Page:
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The War Machine and Capitalism

The War Machine and Capitalism: Notes Towards a Nomadology of the Imperceptible
By Robert P. Marzec

[I]n Vietnam it was the culture of capitalism which played the nomadic role....the American soldier was the nomad, and not so much because he wanted to be, but because that is what the technology demanded of him....It is this nomadic movement, this production of the plateau disarticulated from all others that capitalist industry made possible in the skies of Vietnam...a boundless cushion experienced as if without limits and which produced the sense of a landscape at every point accessible, penetrable, and nonrestricted
—Herman Rapaport “Vietnam: the Thousand Plateaus”

On the one hand, war clearly follows the same movement as capitalism: In the same way as the proportion of constant capital keeps growing, war becomes increasingly a “war of matériel” in which the human being no longer even represents a variable capital of subjection, but is instead a pure element of machinic enslavement
—Deleuze and Guattari A Thousand Plateaus

Capitalism...decodes and deterritorializes with all its might
—Deleuze and Guattari Anti-Oedipus

[1] It is a decidedly dubious claim in an age when individuals and constituencies are enduring the hardships of political exile, cultural displacement, inner-city homelessness, and the unfulfillment that comes from diaspora, to promulgate nomadism as a viable alternative to structures of dominance and hegemony. The theoretical nomadic border transgression of “deterritorialization”—highly attractive to scholars in academia wishing, in part, to seek “disciplinary advancement”1 by cleverly anatomizing categories of essentialism—is of questionable merit to those forced for reasons of personal liberty, poor income, or other factors to migrate across national and geographical boundaries. It is even a more dubious claim, given the material conditions mentioned above, to champion theories of nomadism espoused by two French theorists who deploy a battery of abstruse metaphors and tropes such as “rhizome,” “Body without Organs,” “desiring-machine,” “plateau,” and “haecceity.” Still more dubious is the professing of theories that seek to advance various forms of nomadology at a moment in the development of various disciplinary fields of knowledge when “nomadism” has become not only a hot topic, but a type of vanguardism as well. Major figures such as Edward W. Said, Robert Young, Rosi Braidotti, and Frederic Jameson all have advocated, in the past decade especially, the work of Gilles Deleuze and Félix Guattari.2 On the other hand, not everyone has found their work to be valuable. Caren Kaplan, Christopher Norris, and Gayatri Spivak in turn have criticized their theories of nomadology, capitalism, desire, and deterritorialization as being "antihistorical," “nostalgic,” “mechanical,” a high-modernist game of “language experimentation,” and symptomatic of a “pathological disorder.”3 Depending on what discipline you prefer to call home, their nomadism may read as having very little to do with historical reality when it comes to conventional discussions of nomads in strictly anthropological and archaeological terms.4 There is no arguing that Deleuze and Guattari cultivate the concept of the nomad philosophically. Though in doing so, I do not believe that their approach mechanically condemns them to some ultimately meaningless, ahistorical play of signifiers that does not speak to the political exigencies of our current occasion. They strategically cull ideas and insights from an array of disciplines—the sciences in addition to the humanities. That this contributes to the crusade for interdisciplinarity speaks less to the fact that their terminology, though sometimes abstruse because of its disciplinary diversity, reflects a considered attempt to develop a philosophical vocabulary materially inhabiting the conditions of our present global world order—with words and phrases such as “territorialization,” "itinerancy," and “State apparatus” expressing the concrete geo-political conditions of early twenty-first-century transnationalism.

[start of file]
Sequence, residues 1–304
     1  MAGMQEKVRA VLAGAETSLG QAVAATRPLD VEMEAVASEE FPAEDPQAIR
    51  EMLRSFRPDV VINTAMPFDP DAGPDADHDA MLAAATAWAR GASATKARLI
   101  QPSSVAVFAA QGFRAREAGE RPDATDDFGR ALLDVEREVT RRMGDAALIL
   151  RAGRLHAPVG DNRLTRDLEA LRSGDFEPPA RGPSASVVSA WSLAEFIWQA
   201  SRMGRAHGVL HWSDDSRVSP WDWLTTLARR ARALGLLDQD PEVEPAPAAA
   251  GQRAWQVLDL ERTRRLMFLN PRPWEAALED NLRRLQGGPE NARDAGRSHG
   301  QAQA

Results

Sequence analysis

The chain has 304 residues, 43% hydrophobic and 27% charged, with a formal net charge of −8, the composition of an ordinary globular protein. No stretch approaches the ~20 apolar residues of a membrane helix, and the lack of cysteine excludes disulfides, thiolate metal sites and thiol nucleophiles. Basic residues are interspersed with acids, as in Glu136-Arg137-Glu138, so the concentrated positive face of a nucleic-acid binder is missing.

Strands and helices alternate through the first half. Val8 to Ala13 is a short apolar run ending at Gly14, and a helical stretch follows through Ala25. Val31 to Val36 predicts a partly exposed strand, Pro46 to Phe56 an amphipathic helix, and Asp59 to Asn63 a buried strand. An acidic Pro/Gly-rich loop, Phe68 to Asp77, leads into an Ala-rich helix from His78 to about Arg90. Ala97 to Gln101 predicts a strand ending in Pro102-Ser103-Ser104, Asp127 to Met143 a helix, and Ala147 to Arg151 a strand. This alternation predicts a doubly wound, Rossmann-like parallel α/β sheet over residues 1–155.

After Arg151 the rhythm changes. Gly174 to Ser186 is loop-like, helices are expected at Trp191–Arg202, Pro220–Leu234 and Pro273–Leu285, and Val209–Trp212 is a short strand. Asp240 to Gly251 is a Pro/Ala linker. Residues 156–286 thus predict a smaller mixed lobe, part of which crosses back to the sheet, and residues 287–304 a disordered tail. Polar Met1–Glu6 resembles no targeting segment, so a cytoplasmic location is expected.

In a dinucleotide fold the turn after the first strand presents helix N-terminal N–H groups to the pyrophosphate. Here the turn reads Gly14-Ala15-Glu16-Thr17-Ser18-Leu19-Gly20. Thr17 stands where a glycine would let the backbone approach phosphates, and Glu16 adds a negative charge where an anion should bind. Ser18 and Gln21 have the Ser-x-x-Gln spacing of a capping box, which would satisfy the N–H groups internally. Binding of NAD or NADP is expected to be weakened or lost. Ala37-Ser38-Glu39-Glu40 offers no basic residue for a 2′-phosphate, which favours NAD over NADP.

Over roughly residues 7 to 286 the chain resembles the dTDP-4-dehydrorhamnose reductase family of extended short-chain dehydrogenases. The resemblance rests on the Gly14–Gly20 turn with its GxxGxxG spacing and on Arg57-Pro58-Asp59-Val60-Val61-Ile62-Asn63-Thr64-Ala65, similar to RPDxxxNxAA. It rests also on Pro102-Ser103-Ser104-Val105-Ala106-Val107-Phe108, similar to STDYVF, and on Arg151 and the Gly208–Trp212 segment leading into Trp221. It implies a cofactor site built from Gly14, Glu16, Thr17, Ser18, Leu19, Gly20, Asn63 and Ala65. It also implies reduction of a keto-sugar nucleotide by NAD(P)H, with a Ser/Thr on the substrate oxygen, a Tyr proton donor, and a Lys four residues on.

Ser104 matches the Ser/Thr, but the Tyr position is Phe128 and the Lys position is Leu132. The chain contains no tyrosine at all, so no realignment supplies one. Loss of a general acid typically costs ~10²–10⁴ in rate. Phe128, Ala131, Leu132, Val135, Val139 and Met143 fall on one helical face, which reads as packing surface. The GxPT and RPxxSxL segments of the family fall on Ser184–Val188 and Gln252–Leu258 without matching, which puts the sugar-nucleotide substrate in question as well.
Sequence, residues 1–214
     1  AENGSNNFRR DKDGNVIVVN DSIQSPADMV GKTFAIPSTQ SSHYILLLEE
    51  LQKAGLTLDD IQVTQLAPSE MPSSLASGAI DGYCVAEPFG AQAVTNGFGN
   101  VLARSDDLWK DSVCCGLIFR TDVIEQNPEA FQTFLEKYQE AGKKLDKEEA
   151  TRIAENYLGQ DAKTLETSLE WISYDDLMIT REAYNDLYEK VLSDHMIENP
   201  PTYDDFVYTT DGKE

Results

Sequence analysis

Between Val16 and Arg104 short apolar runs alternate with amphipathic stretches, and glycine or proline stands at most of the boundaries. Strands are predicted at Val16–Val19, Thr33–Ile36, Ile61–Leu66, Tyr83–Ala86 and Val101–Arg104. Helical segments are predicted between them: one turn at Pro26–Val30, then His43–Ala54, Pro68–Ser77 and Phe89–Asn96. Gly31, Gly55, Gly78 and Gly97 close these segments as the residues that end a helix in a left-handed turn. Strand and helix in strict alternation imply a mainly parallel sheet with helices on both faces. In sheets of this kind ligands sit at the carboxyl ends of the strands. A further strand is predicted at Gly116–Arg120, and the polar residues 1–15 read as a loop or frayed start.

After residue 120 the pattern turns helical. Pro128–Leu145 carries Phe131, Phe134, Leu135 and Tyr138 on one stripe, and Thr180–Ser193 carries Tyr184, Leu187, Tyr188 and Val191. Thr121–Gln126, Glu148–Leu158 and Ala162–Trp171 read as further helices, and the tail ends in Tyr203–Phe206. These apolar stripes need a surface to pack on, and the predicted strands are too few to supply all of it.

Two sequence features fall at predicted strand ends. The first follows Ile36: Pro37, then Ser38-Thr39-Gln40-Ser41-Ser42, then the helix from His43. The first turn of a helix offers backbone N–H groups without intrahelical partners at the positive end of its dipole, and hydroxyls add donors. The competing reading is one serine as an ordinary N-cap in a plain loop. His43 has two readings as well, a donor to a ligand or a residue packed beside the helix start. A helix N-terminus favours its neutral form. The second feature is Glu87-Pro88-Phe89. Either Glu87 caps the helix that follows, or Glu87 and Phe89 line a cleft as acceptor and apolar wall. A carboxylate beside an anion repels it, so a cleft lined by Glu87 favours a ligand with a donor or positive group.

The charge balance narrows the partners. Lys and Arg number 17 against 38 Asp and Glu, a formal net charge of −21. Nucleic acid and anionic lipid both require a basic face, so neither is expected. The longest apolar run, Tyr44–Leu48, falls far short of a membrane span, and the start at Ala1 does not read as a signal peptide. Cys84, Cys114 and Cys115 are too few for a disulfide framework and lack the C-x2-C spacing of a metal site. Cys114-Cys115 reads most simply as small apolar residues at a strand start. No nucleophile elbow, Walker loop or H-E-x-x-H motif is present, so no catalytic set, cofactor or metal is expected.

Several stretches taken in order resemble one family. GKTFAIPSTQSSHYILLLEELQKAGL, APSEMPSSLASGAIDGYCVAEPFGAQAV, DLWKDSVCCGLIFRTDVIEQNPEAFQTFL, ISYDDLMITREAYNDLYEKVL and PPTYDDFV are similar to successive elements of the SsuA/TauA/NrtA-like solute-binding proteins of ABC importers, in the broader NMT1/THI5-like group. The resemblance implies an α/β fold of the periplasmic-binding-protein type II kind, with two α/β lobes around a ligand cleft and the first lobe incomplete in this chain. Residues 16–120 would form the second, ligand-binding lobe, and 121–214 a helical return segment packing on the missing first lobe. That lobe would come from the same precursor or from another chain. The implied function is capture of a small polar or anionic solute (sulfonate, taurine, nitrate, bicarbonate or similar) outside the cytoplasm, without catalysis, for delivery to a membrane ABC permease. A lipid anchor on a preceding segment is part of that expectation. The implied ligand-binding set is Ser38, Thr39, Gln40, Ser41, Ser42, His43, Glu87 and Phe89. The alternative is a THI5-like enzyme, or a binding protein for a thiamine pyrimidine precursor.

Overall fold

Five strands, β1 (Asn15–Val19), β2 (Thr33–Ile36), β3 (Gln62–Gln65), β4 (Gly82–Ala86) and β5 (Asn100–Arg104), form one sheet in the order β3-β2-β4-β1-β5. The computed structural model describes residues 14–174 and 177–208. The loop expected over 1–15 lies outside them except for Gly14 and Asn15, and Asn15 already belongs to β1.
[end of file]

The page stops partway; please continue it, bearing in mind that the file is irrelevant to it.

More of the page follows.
[2] Regardless of whether or not theorists advocate or oppose the nomadology of Deleuze and Guattari, most who invoke it hand over highly distilled versions of what are long and complicated texts. This structure of distillation—commodified précis incorporated for purposes of launching an analysis promptly and efficiently into its next phase—has resulted in an elision of the rich and indispensable textual unfolding of their nomadology. This is, I suggest, symptomatic of the movement of capital itself, and not just a necessary evil attributable to the onerous length of their texts. Now that Deleuze and Guattari’s nomadism has become a marketable commodity, these précis have come to contribute to a number of terminological inaccuracies currently in wide-spread use. The best example of this is their pivotal concept “deterritorialization,” which has received a great deal of attention and heavy criticism. The term is understood to signify exclusively a liberatory movement away from the demands of a centralizing polity. This reading of the term has come to be taken as self-evident, and offers “proof” for opponents of their work to conclude their entire thought to be too romantic (“Deterritorialization idealistically posits the ability to be unanchored from any specific historical obligation”). In fact, the word is used so much that it now stands as something of an equivalent for “deconstruction.” But as we can glimpse from the passages quoted at the opening of this essay, deterritorialization does not always refer to the liberatory breakdown of some sovereign territory; it can also be the most powerful tool available to an empire and the movement of its capital, as we shall see more clearly in what follows. Even proponents of their work that attend to the unfolding of the term in the texts themselves seek to pacify its complexity by asserting that we should give less attention to the many sections in their work that explore the potentials of deterritorialized “singularities” and “affects,” and focus instead on those moments when Deleuze and Guattari emphasize “unity.”5 These and other examples have made it profoundly difficult to genuinely come to terms with what their nomadology offers. This essay focuses precisely on the contradictions surrounding Deleuze and Guattari’s term deterritorialization, in the hopes of offering a sharper understanding of the differences between nomadic movement and the movement of capital.